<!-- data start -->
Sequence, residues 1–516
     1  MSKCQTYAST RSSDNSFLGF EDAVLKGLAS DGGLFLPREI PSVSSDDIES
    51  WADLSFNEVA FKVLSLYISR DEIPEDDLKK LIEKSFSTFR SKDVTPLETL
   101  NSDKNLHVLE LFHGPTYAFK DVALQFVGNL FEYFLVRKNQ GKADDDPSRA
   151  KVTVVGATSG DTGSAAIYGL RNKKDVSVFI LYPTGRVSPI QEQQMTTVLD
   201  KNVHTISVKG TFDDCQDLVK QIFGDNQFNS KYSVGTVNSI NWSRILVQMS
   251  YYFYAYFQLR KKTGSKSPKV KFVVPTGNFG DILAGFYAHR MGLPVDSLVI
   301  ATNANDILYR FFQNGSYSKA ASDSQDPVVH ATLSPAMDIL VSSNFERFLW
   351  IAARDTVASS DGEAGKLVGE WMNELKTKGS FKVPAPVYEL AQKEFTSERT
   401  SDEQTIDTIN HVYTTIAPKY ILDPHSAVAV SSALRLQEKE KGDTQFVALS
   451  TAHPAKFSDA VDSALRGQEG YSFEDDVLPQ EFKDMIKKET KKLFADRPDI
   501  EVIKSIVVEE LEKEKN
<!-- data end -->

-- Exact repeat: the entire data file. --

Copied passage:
Sequence, residues 1–516
     1  MSKCQTYAST RSSDNSFLGF EDAVLKGLAS DGGLFLPREI PSVSSDDIES
    51  WADLSFNEVA FKVLSLYISR DEIPEDDLKK LIEKSFSTFR SKDVTPLETL
   101  NSDKNLHVLE LFHGPTYAFK DVALQFVGNL FEYFLVRKNQ GKADDDPSRA
   151  KVTVVGATSG DTGSAAIYGL RNKKDVSVFI LYPTGRVSPI QEQQMTTVLD
   201  KNVHTISVKG TFDDCQDLVK QIFGDNQFNS KYSVGTVNSI NWSRILVQMS
   251  YYFYAYFQLR KKTGSKSPKV KFVVPTGNFG DILAGFYAHR MGLPVDSLVI
   301  ATNANDILYR FFQNGSYSKA ASDSQDPVVH ATLSPAMDIL VSSNFERFLW
   351  IAARDTVASS DGEAGKLVGE WMNELKTKGS FKVPAPVYEL AQKEFTSERT
   401  SDEQTIDTIN HVYTTIAPKY ILDPHSAVAV SSALRLQEKE KGDTQFVALS
   451  TAHPAKFSDA VDSALRGQEG YSFEDDVLPQ EFKDMIKKET KKLFADRPDI
   501  EVIKSIVVEE LEKEKN